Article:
Realistically speaking, I'm a pessimist

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The Independent Online
Yesterday I brought you a test which was designed to let readers find out if they were optimists, pessimists or realists. Reaction to the test was mixed, which was exactly what I had hoped - a third felt more hopeful afterwards, a third felt even gloomier and the other third felt their lives were completely unchanged. Excellent!

However, all scientific tests need verifying and repeating from time to time, so I am bringing you a new series today. All you have to do is tick the reaction you think is nearest to your own. In each case, the optimist's option is first, the pessimist's is second and the realist's is third.

1. As you pass an empty telephone box, the phone starts ringing. Your instinctive reaction is to:

a) Answer it and say helpfully, "I suppose you know you have just telephoned an empty phone box which I happened to be passing?"

b) Answer it and say, unhelpfully, "Samaritans here, could you hold on a moment, I'm talking on the other line to a man with a mobile phone who is standing on the parapet of Tower Bridge ..." and put the phone down again.

c) Assume it is the Duke of Edinburgh trying to get through to someone, and decide not to get involved.

2. On a freezing cold morning, you say:

a) "Mmm - nice and fresh today!"

b) "Oh God, oh God, oh God, oh God, oh God, it's cold."

c) Nothing at all, for fear of letting the air enter your mouth.

3. When you are served a meal on an aircraft, you hope the main dish will be:

a) That really nice chicken you had last time on a flight because, despite everything they say, aircraft food has got better over the years and sometimes it is surprisingly tasty.

b) At least hot.

c) Mercifully unidentifiable.

4. When you get to the end of a chequebook, you are not surprised to find written inside the back cover:

a) That vital telephone number you jotted down one day and which you thought you would never find again.

b) An apparently vital telephone number which unfortunately has no name attached to it.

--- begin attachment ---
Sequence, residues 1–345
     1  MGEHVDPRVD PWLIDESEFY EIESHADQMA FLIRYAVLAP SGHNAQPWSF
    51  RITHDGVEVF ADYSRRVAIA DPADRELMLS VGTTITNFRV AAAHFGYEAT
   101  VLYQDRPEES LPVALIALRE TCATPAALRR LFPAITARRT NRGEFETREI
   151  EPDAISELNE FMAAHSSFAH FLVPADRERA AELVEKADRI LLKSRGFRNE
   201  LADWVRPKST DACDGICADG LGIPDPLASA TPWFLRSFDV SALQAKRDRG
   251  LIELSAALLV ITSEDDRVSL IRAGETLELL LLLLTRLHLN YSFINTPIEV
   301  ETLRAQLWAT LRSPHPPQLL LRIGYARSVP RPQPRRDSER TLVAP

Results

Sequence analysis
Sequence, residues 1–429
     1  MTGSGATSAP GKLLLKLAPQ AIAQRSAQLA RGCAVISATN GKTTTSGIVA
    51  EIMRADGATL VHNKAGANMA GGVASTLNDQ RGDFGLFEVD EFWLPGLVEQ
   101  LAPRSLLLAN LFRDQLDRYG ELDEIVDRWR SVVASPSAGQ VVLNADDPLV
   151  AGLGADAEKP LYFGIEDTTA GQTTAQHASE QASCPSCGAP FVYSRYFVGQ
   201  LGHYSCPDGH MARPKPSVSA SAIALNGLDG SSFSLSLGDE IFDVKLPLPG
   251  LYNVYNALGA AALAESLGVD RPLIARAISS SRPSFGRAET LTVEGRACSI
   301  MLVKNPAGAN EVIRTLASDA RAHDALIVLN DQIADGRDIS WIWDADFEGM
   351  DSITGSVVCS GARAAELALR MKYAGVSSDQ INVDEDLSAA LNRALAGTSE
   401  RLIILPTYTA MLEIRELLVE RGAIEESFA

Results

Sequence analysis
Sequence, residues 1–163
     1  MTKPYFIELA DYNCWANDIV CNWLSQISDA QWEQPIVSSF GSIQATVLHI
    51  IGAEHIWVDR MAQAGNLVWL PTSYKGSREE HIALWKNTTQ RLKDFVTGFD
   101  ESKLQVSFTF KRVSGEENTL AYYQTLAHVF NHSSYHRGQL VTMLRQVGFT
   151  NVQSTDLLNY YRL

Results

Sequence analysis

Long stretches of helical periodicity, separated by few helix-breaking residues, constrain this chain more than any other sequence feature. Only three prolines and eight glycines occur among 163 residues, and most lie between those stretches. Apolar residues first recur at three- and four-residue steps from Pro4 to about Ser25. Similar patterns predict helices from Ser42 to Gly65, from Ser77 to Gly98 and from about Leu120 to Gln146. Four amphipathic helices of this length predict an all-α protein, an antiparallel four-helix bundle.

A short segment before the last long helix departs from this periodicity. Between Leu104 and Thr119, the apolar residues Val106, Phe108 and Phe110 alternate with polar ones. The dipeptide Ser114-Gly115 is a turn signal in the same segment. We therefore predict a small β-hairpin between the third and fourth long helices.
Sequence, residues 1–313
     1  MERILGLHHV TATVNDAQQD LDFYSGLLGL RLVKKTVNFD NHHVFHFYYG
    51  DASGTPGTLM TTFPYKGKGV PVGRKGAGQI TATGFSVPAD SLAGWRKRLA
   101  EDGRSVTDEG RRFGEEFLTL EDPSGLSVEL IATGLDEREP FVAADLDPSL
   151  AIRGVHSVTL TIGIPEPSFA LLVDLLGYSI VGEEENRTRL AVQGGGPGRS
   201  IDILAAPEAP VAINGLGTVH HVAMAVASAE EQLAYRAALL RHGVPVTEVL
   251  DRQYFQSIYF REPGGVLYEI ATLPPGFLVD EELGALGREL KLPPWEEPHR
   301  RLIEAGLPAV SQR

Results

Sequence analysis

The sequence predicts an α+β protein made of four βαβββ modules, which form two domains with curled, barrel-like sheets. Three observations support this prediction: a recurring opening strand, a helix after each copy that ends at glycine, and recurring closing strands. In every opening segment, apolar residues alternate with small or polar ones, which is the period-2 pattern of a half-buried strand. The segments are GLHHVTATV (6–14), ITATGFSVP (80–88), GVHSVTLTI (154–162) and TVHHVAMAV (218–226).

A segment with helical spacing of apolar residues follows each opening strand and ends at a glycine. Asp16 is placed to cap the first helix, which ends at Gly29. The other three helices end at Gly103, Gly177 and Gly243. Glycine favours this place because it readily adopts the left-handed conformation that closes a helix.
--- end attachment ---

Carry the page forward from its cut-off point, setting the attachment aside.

c) Somebody's name and telephone number, neither of which do you recognise.

5. When you take your seat in an aircraft and glance at the person in the adjoining seat who will be your neighbour for the next few hours, you:

a) Know from experience that someone with so unprepossessing an exterior appearance often turns out to be a fascinating, well-travelled person with a fund of interesting anecdotes.

b) Know from experience that someone so young, attractive and, let's face it, sexually appealing is usually as thick as two short planks and boring with it.

c) Feign sleep immediately.

6. When you feel a hand on your shoulder in the street, you automatically assume it is:

a) An old friend you have not seen for years.

b) An old friend you have been avoiding for years.

c) The police.

7. When you light a match to set fire to the rolled-up newspaper at the bottom of a bonfire in your garden, you know in your heart of hearts that:

a) The newspaper will burn beautifully, even if it does not actually ignite any of the rest of the bonfire.

b) The match will blow out before it even reaches the newspaper.

c) Just as the newspaper catches fire nicely, you realise it was a cutting you had carefully laid aside containing vital information for your work.

8. When someone asks for a light, you put your hand in the pocket which contains something the same shape and size as a box of matches and when you pull it out you find it is:

a) A box of matches.

b) An empty box of matches.

c) A small container of dental floss.

9. When you open a newspaper at random to find something of interest, you always find yourself reading:

a) A piece on space science which at last explains anti-matter in terms which even you can understand.

b) Another dreary pseudo-scientific piece on anti-matter.

c) An interview with Michael Portillo which lays the blame for anti-matter fairly and squarely at Labour's door.

10. When you are waiting for a bus, the first thing that comes along is:

a) A friend in a car who kindly stops to give you a lift.

b) A friend in a car who would stop to give you a lift if he noticed you standing there, but he does not.

c) A bus with a number quite like, but not exactly like, the number of the bus you need.